Tina Currin joined forces with her husband, Grayson Currin, back in 2010. This dynamic duo hasn’t stopped since. And thank heavens for that because North Carolina has found itself the textbook definition of “hot mess”. From the election of Pat McCrory and a Republican dominated state government, to Moral Mondays and HB2, the Currin gang has had plenty of reasons for rallying the voice of the progressive south in Raleigh, NC. Auntie Bellum is excited to learn a bit more about what drives Tina to keep active in her community and make noise for change.
Where do you call home?
Raleigh, North Carolina, all day.
Describe your work life.
My “day job” is as a writer and creative strategist at an integrated production company called Myriad Media. I’ve worked at Myriad since I graduated college, writing scripts for places like the Atlantic Coast Conference and IBM. Despite the focus on client-services work, they’ve been nothing but supportive of my antics. They give me a lot of room to experiment and play, while also providing guidance as I work to build my own side projects. So, I absolutely wouldn’t be able to do what I do without the support of Myriad. That being said, my work doesn’t begin at 9 or stop at 5. I’m also a freelance writer, for both local print outlets and larger online publications. It’s great fun. Finally, there’s the activist side of my life: Things like Saturday Chores (a counter-protest of pro-life harassers), North Carolina Needs You (counseling musicians like the Dave Matthews Band and Duran Duran on how best to donate to progressive causes in NC), Hepcat (a charity bike race to sponsor spay/neuter services in our area), and the Air Horn Orchestra (a noisy protest against anti-discrimination legislation in NC). These I do alongside my husband, so that makes it fun. They started out as pretty weird hobbies, and have recently grown into entities much larger than either of us. We’ve just incorporated a business called Stunts, &c. for consulting purposes—if, say, a company wants to do a publicity stunt or take a public stance on an issue—and a nonprofit, called Come Out & Show Them, to educate other activists on how to do the same in their own communities.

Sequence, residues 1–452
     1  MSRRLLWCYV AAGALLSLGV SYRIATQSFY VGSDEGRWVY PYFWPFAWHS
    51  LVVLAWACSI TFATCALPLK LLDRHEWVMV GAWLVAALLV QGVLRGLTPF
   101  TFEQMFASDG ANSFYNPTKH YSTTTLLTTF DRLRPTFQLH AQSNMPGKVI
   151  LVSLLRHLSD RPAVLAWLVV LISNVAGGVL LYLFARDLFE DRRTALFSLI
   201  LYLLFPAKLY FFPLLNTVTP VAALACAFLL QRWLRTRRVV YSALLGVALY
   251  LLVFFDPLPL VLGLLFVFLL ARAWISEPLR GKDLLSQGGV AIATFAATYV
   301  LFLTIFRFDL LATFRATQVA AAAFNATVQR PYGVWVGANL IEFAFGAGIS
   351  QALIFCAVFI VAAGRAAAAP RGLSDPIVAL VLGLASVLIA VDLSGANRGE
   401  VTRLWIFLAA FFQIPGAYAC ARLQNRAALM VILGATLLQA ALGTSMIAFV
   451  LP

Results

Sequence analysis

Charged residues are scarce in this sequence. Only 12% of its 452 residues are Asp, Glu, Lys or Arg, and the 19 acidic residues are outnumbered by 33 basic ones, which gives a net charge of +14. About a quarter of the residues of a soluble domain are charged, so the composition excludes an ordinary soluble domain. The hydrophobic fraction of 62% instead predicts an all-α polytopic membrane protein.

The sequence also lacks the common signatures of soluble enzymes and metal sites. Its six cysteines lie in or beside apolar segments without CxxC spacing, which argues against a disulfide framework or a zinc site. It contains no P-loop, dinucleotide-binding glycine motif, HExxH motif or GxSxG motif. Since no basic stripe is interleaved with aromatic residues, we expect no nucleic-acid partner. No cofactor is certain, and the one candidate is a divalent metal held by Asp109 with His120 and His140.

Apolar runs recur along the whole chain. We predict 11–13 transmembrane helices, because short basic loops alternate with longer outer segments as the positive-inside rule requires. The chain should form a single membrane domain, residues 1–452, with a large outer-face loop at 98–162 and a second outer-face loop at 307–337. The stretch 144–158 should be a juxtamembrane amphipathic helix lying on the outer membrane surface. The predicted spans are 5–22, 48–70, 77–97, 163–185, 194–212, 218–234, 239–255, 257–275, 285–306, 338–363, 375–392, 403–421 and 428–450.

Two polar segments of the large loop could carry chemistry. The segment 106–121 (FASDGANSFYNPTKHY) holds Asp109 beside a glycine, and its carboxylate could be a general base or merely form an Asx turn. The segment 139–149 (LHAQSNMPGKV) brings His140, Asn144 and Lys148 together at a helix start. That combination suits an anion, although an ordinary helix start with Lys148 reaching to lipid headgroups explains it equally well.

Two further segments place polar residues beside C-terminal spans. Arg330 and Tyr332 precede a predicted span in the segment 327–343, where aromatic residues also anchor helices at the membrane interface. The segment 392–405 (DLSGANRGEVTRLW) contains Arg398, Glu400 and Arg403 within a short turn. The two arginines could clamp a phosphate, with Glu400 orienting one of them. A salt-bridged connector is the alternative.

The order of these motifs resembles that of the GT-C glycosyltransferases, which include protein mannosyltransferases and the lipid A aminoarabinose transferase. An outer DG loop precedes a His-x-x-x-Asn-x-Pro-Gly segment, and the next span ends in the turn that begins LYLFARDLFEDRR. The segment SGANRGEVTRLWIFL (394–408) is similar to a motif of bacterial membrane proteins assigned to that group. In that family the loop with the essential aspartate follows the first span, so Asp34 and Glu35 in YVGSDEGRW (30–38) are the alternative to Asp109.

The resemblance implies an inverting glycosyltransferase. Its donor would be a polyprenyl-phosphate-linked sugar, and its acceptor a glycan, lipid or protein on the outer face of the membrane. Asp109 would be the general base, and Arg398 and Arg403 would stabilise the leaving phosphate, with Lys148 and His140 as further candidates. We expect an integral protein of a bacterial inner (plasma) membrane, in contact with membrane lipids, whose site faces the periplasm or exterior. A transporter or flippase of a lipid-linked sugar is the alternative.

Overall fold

Share an accomplishment that makes you feel proud.
I’ve always wanted to do something worthy of being in the New York Times. That happened twice this year, which was just so awesome to me. The day the Times story ran, I noticed an older couple reading the paper in a coffee shop. I asked them if I could take a peek at it, and saw one of my stunts on the front page. My jaw dropped. They insisted that I take the paper, which I now keep beside my desk to remind me of how little actions can make a huge impact.
Similarly, North Carolina Needs You—which is hardly more than a landing page and an open letter asking artists not to boycott our state in the wake of the discriminatory House Bill 2—gave me the opportunity to work with some incredibly generous musicians and funnel more than $500,000 to progressive organizations across the state. Those successes have encouraged me to preach the “Just Do It” mentality to anyone who will listen. There’s really no magic formula to changemaking. You don’t need anybody’s permission. Just go out there and do something.
What does being a Southern woman mean to you?
It, unfortunately, means I have to work a little harder to ensure my rights—and the rights of others—are protected and respected. It also means that I have an opportunity to shape the future of my area in a way that might not be possible if everyone else already looked and acted just like me. It’s both frustrating and liberating, but I choose to see it as an incredible opportunity.
It also means I like basketball.
What motivates you?
How little work it actually takes to make a difference. I think so many of us are lulled into complacency by the internet, like, “Oh, I shared this important thing on Facebook, so I’m good.” But the internet is such a powerful tool, and it makes it so easy to connect with like-minded people and to do new and interesting things together (and those like-minded people are a constant source of even more inspiration). Of course, once you get something started, it’s work to keep it going. But Grayson and I have managed to create multiple campaigns that have raised significant amounts of money, or have been shared millions of times, or have enacted legal or regulatory change, all while holding day jobs and hanging out and running marathons and having friends and brushing our cats and mopping our floors to a socially acceptable level. Like, you can have a normal life and do incredible, significant things in your community, too. I wish more people would recognize that potential within themselves. It motivates me every day.